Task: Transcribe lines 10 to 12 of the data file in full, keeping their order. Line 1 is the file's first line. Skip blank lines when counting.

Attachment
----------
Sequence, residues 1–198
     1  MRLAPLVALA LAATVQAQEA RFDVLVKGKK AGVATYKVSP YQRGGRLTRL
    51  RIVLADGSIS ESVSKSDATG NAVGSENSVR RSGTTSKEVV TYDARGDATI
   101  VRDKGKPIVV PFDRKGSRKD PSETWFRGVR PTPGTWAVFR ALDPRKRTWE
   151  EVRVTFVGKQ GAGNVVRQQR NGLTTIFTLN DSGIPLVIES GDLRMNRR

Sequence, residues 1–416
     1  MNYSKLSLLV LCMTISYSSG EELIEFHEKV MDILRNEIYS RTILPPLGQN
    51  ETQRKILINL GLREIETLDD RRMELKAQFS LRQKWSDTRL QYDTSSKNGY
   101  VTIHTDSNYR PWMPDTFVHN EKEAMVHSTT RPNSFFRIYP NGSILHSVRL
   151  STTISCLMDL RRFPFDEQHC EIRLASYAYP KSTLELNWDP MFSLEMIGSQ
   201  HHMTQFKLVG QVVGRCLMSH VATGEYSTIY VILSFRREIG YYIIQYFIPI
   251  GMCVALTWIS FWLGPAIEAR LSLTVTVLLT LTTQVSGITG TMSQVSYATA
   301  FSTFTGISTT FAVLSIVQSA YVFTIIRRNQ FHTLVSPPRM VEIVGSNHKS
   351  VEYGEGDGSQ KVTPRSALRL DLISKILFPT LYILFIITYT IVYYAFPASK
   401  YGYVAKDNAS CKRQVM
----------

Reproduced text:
   151  STTISCLMDL RRFPFDEQHC EIRLASYAYP KSTLELNWDP MFSLEMIGSQ
   201  HHMTQFKLVG QVVGRCLMSH VATGEYSTIY VILSFRREIG YYIIQYFIPI
   251  GMCVALTWIS FWLGPAIEAR LSLTVTVLLT LTTQVSGITG TMSQVSYATA